Identity protection scans of more than 40,000 children in the United States show that 10.2 percent of those children have had their Social Security number used by someone else, a Carnegie Mellon CyLab report states. That rate is 51 times higher than the .2 percent rate for adults.
Additional points from the Child Identity Theft study note that unused Social Security numbers are uniquely valuable to thieves – the numbers can be paired with any name and birth date, which can be particularly useful for illegal immigration. The probability of discovery is low, as the child will not use the number for a long period of time and parents don’t typically monitor their children’s identities for fraud.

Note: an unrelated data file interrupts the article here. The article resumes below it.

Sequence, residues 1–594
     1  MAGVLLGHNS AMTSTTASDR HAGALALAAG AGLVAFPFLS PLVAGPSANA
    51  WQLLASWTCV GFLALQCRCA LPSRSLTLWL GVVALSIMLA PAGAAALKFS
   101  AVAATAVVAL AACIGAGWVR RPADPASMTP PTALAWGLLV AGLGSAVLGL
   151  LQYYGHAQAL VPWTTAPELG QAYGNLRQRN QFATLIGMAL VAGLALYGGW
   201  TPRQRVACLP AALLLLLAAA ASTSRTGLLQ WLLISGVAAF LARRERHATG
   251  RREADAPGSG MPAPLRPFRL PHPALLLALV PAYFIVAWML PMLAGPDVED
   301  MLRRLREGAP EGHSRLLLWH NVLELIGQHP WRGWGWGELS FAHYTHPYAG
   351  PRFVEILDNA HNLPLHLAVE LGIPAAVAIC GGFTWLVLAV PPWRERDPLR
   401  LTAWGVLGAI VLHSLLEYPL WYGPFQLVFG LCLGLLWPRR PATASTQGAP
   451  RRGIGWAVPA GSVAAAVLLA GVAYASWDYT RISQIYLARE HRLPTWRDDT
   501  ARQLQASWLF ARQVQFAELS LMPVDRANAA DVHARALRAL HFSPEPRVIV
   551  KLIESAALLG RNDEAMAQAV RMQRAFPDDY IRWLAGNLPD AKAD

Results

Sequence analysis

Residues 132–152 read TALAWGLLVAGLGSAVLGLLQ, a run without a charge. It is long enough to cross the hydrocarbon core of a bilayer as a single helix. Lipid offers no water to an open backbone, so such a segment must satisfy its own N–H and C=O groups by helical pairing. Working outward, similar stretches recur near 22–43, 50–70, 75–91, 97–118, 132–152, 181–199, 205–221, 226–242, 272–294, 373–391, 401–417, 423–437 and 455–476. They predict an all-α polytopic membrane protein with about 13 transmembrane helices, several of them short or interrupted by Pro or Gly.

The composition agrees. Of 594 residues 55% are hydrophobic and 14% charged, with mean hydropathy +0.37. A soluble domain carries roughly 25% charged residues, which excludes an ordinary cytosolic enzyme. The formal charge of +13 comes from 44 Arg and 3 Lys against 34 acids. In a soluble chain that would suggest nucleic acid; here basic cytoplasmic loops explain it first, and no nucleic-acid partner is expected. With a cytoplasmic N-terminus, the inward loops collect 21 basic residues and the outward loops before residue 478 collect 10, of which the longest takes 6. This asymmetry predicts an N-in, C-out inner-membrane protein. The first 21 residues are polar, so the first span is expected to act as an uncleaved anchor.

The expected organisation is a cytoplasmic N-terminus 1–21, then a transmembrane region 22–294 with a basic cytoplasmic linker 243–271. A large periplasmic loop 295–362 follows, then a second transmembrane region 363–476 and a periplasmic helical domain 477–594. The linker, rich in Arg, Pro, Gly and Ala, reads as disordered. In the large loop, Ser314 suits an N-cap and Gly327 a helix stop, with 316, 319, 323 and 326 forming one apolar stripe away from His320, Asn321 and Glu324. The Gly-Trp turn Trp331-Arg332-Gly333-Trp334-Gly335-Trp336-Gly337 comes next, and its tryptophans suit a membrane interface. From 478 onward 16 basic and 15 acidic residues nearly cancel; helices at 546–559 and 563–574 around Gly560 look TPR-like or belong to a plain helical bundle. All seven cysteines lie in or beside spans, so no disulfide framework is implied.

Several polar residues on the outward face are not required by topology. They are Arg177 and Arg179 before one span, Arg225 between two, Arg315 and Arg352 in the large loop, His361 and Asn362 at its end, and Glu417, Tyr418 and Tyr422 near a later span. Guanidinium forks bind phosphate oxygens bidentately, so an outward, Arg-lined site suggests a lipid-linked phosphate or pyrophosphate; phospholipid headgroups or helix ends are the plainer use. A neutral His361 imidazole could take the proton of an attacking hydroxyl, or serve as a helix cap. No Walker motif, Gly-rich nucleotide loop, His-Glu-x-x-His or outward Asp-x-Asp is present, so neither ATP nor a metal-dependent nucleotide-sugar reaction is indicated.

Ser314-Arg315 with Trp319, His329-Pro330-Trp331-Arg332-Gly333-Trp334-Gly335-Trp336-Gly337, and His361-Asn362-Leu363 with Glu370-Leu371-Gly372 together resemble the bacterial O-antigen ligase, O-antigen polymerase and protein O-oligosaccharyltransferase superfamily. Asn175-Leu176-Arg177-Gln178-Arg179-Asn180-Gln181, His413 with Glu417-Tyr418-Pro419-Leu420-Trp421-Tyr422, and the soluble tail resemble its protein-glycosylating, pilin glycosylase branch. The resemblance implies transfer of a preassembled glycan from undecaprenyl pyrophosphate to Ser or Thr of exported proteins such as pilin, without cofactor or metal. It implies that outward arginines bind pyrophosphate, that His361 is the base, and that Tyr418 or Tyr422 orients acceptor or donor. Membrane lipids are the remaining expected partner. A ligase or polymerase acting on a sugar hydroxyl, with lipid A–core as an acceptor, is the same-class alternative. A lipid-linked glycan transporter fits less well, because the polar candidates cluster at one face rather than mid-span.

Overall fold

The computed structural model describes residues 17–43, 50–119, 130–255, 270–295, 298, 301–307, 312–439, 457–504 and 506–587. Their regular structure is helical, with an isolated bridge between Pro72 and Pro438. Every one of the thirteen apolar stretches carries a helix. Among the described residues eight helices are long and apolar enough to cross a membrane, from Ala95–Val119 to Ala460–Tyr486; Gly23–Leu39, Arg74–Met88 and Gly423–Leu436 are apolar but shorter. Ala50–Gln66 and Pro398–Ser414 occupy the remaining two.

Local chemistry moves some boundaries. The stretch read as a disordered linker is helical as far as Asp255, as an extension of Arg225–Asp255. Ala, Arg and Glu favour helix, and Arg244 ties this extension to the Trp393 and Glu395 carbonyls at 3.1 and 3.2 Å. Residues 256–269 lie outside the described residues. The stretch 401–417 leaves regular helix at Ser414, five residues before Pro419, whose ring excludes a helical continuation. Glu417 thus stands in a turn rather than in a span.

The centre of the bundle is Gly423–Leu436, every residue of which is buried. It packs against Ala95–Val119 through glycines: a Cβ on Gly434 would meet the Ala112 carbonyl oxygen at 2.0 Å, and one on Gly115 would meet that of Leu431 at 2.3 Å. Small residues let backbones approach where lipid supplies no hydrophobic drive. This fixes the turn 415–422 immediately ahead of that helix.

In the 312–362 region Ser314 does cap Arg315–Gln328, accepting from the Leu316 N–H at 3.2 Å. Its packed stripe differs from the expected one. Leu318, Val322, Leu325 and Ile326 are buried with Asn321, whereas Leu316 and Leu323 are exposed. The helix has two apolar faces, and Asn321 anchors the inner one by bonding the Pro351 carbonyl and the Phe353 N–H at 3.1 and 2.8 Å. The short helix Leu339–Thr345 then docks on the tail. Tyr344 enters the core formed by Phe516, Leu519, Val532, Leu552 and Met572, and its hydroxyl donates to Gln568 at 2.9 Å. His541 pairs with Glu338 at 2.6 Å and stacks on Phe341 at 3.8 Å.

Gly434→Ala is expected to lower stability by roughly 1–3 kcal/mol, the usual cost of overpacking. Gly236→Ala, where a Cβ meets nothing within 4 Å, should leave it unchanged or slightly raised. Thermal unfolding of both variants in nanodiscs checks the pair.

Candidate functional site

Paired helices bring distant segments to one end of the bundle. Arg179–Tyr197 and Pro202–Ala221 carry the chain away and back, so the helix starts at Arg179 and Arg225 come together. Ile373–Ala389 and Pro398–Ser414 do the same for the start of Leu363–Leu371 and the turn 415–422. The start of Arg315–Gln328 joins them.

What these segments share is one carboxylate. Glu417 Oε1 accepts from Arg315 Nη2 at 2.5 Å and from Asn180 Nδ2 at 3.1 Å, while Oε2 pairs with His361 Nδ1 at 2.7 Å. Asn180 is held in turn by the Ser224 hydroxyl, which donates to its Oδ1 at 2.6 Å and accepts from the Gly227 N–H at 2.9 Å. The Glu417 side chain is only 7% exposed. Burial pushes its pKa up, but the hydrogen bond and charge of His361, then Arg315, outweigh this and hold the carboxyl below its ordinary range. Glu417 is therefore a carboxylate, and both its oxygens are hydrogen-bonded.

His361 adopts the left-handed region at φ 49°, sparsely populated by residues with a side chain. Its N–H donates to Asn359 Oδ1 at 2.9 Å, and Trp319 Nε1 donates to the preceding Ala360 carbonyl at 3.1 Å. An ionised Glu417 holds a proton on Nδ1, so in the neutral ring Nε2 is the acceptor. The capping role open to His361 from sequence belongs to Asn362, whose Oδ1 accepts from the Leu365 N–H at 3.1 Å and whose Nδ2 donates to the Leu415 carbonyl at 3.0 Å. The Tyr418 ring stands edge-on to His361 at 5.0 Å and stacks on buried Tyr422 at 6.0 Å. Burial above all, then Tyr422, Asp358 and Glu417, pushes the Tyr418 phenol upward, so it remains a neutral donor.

However, the potential impact on a child’s future is immense – he or she could have difficulty securing student loan approval, a job, or a place to live due to someone else’s bad credit.
The primary drivers for such attacks, the report says, include illegal immigration, organized crime, and friends and family attempting to circumvent bad credit ratings.
The IDs of children studied in the report were used to purchase homes and automobiles, open credit card accounts, secure employment and obtain driver’s licenses. The largest fraud ($725,000) was committed against a 16-year-old girl, and the youngest victim was five months old.
You can read the full report here.